A three-wheeled solar-powered tuk tuk will stop off in Port Macquarie on an epic expedition from Melbourne to Cairns.
The trip promotes sustainable transport.
Widely used by millions of people around the world, a humble tuk tuk has been transformed for the long-distance expedition.
A team of young Australians has re-engineered a tuk-tuk into a three-wheeled, solar-powered, long-range electric vehicle as part of an epic project to promote sustainable transport and a low-carbon future.
The team of engineers, education professionals and RMIT University students converted the vehicle to run on solar power, taking out the RMIT student engineering Best Engineering Project 2018 at Engenius in the process.
The vehicle is now fitted with photovoltaic solar panels, lithium-ion batteries, and has been upgraded to handle Australian conditions. Licenced to carry four adults plus the driver, we have an average maximum range of ~ 300 km per charge!
The tuk tuk left Melbourne on November 24 and will complete its journey on December 18.
During the trip the team’s mission is to engage and inspire communities, businesses and individuals to take action for positive change and accelerate the move towards a sustainable, electric and low-carbon future.
The SolarTuk Expedition is the brainchild of Westpac Social Change Fellow Julian O’Shea and Arup renewable energy engineer Jack Clarke as a way to highlight the impact of GHG emissions from transport, a sector that has largely flown under the radar in Australian media and politics compared to electricity.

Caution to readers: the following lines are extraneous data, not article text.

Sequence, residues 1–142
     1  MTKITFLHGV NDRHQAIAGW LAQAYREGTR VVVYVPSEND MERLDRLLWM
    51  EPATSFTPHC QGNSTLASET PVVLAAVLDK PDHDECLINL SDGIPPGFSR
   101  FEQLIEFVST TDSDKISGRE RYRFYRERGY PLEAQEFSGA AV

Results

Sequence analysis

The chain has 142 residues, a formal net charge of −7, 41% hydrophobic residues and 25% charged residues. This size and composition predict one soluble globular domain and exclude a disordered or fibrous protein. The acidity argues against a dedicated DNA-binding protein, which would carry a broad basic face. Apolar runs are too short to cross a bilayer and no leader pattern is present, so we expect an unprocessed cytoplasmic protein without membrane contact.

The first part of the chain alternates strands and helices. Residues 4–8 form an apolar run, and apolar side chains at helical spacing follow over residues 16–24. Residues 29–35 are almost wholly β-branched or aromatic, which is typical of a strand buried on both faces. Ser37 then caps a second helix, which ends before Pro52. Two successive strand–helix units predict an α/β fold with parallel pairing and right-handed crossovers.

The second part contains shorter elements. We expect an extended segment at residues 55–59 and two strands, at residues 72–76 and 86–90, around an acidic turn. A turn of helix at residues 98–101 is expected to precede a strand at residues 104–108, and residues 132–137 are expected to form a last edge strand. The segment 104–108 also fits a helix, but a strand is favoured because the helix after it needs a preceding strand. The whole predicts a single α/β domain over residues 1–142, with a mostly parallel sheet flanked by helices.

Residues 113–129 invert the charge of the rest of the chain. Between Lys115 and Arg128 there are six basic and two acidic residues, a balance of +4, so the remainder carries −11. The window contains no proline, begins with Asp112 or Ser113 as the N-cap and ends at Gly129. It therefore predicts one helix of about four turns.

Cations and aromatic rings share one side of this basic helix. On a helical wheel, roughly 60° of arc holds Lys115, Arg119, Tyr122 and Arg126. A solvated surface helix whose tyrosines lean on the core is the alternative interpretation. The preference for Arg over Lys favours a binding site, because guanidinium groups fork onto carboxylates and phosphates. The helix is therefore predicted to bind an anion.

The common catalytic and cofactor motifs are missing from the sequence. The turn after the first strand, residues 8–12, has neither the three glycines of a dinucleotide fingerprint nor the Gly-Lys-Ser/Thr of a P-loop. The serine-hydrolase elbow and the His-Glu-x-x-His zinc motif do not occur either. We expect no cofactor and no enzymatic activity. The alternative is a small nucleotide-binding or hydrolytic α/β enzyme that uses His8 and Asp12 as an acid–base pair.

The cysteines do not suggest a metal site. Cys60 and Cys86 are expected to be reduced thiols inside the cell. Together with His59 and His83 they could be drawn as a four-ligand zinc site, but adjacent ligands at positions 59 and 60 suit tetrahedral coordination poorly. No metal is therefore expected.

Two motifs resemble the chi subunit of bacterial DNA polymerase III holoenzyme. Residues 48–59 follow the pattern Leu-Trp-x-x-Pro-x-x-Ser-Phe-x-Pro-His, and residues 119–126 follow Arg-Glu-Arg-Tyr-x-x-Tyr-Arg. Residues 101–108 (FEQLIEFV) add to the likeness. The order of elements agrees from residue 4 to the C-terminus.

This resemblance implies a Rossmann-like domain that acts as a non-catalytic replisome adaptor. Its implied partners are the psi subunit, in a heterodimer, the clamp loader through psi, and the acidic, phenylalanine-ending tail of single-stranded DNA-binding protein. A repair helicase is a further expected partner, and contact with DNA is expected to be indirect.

But as the third largest (and growing) source of emissions in Australia, we can't afford to ignore it any longer, a spokesperson for the expedition said.
“Transitioning to an electric transport system powered by renewable energy sources is a critical part of Australia reducing its greenhouse gas emissions, and we hope the SolarTuk Expedition will help inspire our businesses, communities and government to start making the change,” the spokesperson said.
“We are now actively seeking community projects, schools, councils and businesses to visit and engage with along the way and invite anyone interested to visit the SolarTuk website for details on our schedule and how to get in touch.
“The trip’s itinerary already includes visits to solar farms, permaculture projects, an electric vehicle motorcade, a visit to Parliament house, workshops with primary and high-school students, a journey to the top of Australia and lots of cups of tea with the everyday people doing inspiring things in the name of sustainable development.
“We encourage anyone along the route to reach out with idea, event or contact and we’ll do our best to make build it into the expedition.”
For more information and to follow the expedition, go to www.solartuk.org